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Excerpted From: Seema Mohapatra, Reproductive Injustice and COVID-19, 50 Stetson Law Review 389 (Spring, 2021) (71 Footnotes) (Full Document)


SeemaMohapatraIn the midst of a global pandemic and horrifying examples of police injustice in the summer of 2020, the Supreme Court added to the pain by delivering several blows to reproductive justice. Although June Medical v. Russo was a technical victory, the dissenting and concurring opinions, written by five men, made clear that the majority of the Court seeks to restrict access to abortion care, regardless of how it affects pregnant people's lives. June Medical likely will make abortion easier to restrict. Chief Justice Roberts upheld Whole Woman's Health v. Hellerstedt in name only. Since the decision, Republican lawmakers across the country have proposed and passed more abortion restrictions in their states, banking on the decision and changing Supreme Court. Since Justice Amy Coney Barrett, a known critic of abortion rights, joined the Supreme Court after this case was decided, the future of abortion rights in the country is even more in jeopardy. According to Justice Roberts' concurrence in June Medical, courts can only overturn abortion regulations that impose a substantial obstacle for people seeking abortions, even if those laws do not benefit pregnant people's health and safety. This is a departure from a faithful reading of Whole Woman's Health, which would require the courts to balance the burdens on pregnant people with health and safety benefits. Although some commentators interpreted Roberts' concurrence as a victory for abortion rights, there were worrying signs, such as the Supreme Court ordering the Seventh Circuit to reconsider, in light of June Medical, two Indiana abortion regulations it had previously invalidated. That certainly did not feel like a win.

Little Sisters of the Poor v. Pennsylvania was a definite loss for reproductive rights with seven Justices upholding the Trump Administration's legal authority to issue broad exemptions to the Affordable Care Act's (ACA) contraceptive requirement based on moral or religious objections. This was the third time the policy was before the Supreme Court, and the seven Justices did not appear to care that as many as 125,000 women (by the government's own admission) could lose their contraceptive coverage if Trump's rules went into effect.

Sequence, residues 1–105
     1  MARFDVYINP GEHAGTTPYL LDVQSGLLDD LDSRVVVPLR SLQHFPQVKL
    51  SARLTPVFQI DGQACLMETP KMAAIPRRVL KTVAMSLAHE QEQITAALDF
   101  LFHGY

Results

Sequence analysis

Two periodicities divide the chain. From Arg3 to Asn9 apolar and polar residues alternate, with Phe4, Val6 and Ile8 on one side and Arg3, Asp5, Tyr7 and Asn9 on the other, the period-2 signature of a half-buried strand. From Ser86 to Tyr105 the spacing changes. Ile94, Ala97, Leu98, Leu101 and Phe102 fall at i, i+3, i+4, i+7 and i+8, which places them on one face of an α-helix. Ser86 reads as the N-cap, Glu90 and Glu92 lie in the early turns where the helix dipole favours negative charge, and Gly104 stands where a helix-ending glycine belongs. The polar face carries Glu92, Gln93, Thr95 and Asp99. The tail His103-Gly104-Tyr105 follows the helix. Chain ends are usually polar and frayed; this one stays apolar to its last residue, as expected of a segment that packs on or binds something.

These cases show how the Supreme Court is largely indifferent to people's reproductive realities, particularly those of poor, Black women. Amicus briefs filed in June Medical and Little Sisters tried to focus the Court's attention on how the decisions regarding abortion care and contraception affect poor people of color, especially Black women, the most. Yet, there was no mention of race at all in either case.

This willful omission of race has always undercut the goals of racial justice, but it is inexcusable in the present moment. The COVID-19 pandemic has laid bare deep racial inequities in healthcare, and COVID-19-related restrictions on reproduction and lack of support for childbearing and childrearing disproportionately burden Black women and other women of color. The Supreme Court seems unwilling to take into account whom their decisions impact most. Additionally, even with a different Court composition, courts alone cannot achieve justice. Legislative action and policy decisions that ensure access to health care and financial support, as well as with meaningful participation by communities of color, would better support reproductive justice. This Article views the COVID-19 pandemic through a reproductive justice (RJ) lens to demonstrate how a comprehensive health justice approach is needed to address these issues.

[. . .]

Though there are numerous reproductive injustices exacerbated by the pandemic, the purpose of this essay is to survey some of the most salient, particularly as they impact communities of color.

In taking up these injustices, advocates cannot look to courts alone to address the RJ challenges posed by COVID-19. In Policing the Womb, Michele Goodwin suggests that a “Reproductive Justice Bill of Rights” may be helpful, at least conceptually, to focus on the broad RJ challenges facing women. David S. Cohen and Carol Joffe, in their book, Obstacle Course, note that “addressing the massive income inequality that characterizes American society” could improve the lives of people who seek abortions. Community-led policies, long-term financial and legislative support, universal health insurance, and dismantling structural discrimination are vital to restoring reproductive justice.

Tenured Associate Professor of law and Dean's Fellow at the Indiana University Robert H. McKinney School of Law.

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